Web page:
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Planning a Course of Study

Planning a Course of Study


    Planning: Getting started

    Planning an academic program consists of integrating five main components. Follow the links to find out more. ;

    1. The Explorations curriculum

      • Requires that students take courses that meet five criteria: Connectivity, Communication, Creative Problem Solving, Civic Engagement, and Self Direction.
      • In addition, each student must take one unit in each of four areas: fine and performing arts, social sciences, natural sciences, and humanities
    2. A major (and minor, if you choose to pursue one)

      • Students must declare a major by the end of their sophomore year.
      • For a list of majors and minors, click here.
    3. Exploration Term;
      Each student must take two E-Term courses, including one in their first year

    4. Any (optional) academic enhancement programs you choose, including the following programs:

    5. Any pre-professional programs you choose, such as Pre-Health or Pre-Law, and career considerations

    Choosing a major

    Each student must make a formal declaration of his or her proposed major during their first or second year at Birmingham-Southern. This is done by filing a Major/Minor Declaration form with the Records Office.

    You can find a full list of majors and minors here or in the Course Catalog under Courses of Study.

    Choosing a major

    The criteria you use to choose your major will depend on your individual interests and talents, as well as any career aspirations you may have. It is worthwhile to consider the advice of people who know you well, but your choice of a major must ultimately be determined by your own interests and goals. At a liberal arts institution like BSC, all majors require an in-depth study that facilitates the habits of mind appropriate for any career- or life-path. Indeed, your major will prepare you for your future professional and personal life in ways other than providing specific content for a career, including the ability to think critically, the rigorous and creative pursuit of inquiry, and clarity of expression.

    In light of this broad purpose of the major, choosing doesn't demand that you have your entire life planned out. Before deciding, you should explore areas in which you have had little or no experience. Students often discover their passion in areas with which they were not familiar prior to college.  Such discovery may even happen after students have already declared a major in a different area.  Students are free to change their major at any time. We suggest you consider the following questions as a way of thinking through your choice of major:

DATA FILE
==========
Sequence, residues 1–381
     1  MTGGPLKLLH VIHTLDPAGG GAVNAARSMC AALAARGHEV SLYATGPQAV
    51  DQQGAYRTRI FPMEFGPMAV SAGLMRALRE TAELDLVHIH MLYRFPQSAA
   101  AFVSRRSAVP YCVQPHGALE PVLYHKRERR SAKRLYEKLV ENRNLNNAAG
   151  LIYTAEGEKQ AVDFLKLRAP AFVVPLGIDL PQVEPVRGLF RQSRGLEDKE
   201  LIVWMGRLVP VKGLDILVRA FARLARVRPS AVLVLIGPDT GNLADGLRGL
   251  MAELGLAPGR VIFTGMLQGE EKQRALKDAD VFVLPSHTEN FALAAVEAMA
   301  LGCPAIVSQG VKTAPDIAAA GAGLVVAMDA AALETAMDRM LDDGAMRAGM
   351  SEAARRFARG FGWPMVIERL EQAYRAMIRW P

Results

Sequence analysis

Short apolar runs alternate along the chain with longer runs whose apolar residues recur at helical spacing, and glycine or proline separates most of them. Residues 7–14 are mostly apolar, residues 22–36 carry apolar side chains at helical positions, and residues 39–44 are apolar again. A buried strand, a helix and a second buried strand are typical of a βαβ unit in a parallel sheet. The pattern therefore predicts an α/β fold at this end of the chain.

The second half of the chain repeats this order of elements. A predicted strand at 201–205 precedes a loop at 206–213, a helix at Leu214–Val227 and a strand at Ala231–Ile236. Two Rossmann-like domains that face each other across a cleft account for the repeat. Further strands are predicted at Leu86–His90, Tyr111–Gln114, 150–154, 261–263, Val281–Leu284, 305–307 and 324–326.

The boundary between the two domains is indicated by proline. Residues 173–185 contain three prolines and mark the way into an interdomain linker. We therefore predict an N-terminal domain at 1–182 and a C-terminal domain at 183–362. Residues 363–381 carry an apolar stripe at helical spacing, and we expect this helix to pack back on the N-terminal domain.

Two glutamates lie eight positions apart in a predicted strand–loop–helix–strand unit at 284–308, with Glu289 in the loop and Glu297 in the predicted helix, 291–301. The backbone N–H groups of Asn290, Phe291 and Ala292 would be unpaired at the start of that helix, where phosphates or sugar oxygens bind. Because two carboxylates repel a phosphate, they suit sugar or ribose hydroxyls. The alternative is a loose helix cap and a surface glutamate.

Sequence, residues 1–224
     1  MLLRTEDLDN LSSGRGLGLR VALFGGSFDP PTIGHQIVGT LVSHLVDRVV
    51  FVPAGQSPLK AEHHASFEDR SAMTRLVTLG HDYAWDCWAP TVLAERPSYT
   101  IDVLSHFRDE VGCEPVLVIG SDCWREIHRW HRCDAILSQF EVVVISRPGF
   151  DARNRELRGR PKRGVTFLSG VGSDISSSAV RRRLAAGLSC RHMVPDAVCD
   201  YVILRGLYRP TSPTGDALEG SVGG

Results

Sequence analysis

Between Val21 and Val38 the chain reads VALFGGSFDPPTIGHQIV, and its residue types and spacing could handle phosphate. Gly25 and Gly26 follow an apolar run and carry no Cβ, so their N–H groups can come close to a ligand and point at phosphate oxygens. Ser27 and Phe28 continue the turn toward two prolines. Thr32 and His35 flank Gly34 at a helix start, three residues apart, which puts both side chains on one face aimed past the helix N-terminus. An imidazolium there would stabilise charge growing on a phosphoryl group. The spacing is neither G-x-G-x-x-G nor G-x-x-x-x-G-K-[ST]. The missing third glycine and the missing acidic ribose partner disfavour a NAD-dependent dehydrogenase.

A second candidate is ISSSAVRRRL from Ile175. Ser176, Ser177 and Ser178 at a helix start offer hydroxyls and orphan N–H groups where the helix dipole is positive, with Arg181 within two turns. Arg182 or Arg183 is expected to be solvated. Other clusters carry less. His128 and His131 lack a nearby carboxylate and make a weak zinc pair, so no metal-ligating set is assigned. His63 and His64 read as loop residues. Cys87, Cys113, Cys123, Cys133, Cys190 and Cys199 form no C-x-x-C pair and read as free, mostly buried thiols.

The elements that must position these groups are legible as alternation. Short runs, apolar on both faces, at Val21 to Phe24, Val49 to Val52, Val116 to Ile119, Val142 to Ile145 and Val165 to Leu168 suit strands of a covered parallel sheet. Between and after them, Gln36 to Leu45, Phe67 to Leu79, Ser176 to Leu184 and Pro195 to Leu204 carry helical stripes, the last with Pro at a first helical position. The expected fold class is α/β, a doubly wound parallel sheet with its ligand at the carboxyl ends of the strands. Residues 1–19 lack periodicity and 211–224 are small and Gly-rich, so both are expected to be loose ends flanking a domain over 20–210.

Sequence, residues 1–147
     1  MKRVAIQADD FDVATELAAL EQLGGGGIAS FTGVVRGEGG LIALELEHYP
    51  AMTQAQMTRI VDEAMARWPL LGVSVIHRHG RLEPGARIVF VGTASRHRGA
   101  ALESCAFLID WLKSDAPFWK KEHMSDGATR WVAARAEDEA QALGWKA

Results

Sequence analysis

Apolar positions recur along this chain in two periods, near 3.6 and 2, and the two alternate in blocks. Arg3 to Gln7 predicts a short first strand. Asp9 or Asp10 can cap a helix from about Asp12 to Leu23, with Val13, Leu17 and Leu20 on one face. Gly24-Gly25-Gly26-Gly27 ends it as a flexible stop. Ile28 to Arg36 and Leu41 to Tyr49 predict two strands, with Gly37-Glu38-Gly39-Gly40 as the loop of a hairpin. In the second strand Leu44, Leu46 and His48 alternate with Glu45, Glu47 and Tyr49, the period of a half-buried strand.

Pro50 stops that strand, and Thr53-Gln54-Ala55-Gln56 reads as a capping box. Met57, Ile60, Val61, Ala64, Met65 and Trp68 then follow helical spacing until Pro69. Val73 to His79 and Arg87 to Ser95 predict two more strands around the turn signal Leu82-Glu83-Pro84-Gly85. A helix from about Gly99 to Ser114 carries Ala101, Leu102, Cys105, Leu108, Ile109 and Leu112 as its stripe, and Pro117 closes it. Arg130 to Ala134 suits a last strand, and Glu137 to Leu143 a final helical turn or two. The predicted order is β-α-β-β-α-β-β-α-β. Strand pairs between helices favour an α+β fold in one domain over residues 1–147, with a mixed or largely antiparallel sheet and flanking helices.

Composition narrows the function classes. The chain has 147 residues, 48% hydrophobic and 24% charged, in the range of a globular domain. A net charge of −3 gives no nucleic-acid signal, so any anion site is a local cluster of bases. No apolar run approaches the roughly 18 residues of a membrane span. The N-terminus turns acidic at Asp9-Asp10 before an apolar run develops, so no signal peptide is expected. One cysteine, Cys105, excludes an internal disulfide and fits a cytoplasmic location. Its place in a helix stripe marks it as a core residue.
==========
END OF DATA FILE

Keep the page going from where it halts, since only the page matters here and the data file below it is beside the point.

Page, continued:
• If you have a particular career goal, what do professionals in that field recommend?
    • In what courses have you felt the most enjoyment or satisfaction?
    • What do you, your parents and your friends think you're good at?
    • What courses have excited you or motivated you to work hard?
    • What do your academic advisor and other professors suggest?
    • If you are planning to attend graduate or professional school in a particular area, what are the requirements of the programs?
    • If you are considering a change of major, do you have sufficient time to complete the requirements for the majors you're considering?

    Individualized Majors

    Students may develop their own major in consultation with the faculty. Developing an individualized major creates a course of study not normally offered by the college and allows students to construct a major within a liberal arts framework that satisfies their individual interests and career plans.

    In cooperation with at least three faculty members, students formalize the design of their major no longer than the fall semester of their junior year. The Interim and Contract Learning Committee must review the proposal and will recommend changes as needed for approval. Not all proposals are approved, especially if BSC already offers a major that the committee deems will satisfy the student’s needs or if the proposed major is not consistent with the college’s mission.

    Official guidelines for individualized major proposals can be found in the College Catalog under Courses of Study, Individualized Majors and through the Center for Exploration term and Contract Learning.


    You may wish to concentrate in an area outside your major, since doing so will enhance your overall academic experience.  One way to concentrate is through an academic minor, though minors are not required by the College. It is best not to think of minors as resume builders, but as opportunities for focused study in a second area of interest.

    Information about available minors can be found on the minors index page (link to minors list in advising website) and in the Catalog under Courses of Study, Disciplinary and Interdisciplinary Majors and Minors.